Get some rest, heal up and get back out on the road.

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Old 06-02-11, 09:47 PM   #6
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Jim, hope you get better quickly. Eye problems can be pretty scary.
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Old 06-02-11, 10:03 PM   #7
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Done this before but not from cycling. I wear some pretty good safety rated cycling glasses because its definitely no fun. I think the last time I did it was from dust or metal shavings kicked up by a bus I had the misfortune of walking by as it left the stop.
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Old 06-02-11, 10:10 PM   #8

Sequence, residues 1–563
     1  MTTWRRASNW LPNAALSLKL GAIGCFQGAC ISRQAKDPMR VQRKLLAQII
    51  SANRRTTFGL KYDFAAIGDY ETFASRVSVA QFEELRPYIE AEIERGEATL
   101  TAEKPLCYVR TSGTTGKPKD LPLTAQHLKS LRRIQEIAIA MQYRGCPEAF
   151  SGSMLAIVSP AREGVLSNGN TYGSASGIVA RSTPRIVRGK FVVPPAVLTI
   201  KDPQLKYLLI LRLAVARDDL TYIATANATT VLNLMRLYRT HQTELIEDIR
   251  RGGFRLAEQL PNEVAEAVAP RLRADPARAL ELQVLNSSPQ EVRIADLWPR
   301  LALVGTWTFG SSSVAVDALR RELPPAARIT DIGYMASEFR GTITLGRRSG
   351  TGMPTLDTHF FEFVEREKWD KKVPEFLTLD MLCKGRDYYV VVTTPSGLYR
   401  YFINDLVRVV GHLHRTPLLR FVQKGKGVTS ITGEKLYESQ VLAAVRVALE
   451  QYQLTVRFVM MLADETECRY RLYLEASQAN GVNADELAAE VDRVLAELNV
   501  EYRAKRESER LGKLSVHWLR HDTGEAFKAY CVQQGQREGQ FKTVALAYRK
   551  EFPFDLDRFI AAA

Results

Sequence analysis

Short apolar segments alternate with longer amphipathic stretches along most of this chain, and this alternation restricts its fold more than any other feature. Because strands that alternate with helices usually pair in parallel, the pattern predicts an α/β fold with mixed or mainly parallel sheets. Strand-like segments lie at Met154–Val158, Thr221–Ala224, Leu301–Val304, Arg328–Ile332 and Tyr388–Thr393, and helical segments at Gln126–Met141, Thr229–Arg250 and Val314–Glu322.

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Got this once before I wore cycling glasses whenever I got on the bike. Lesson learned. From experience, I'd say their 1-2 days before symptoms clear up entirely is accurate.
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Old 06-02-11, 10:24 PM   #9
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Had my eye grind/deburr to remove 3 rust ring from one eye and one on the other. The night before was a painful night of eye pain suffering. This happen 15 years ago. Work related and not from cycling, although it's possible to get rust ring from cycling. After the grind, my eye hurted more than before. Two hours later, my vision were totally blurry. It was scary as I thought I lost my vision but my eye doctor assured me it would be ok and to keep the patch on the eye for 24 hours. The next day they remove the patch and did I ever felt good again.
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Old 06-02-11, 10:35 PM   #10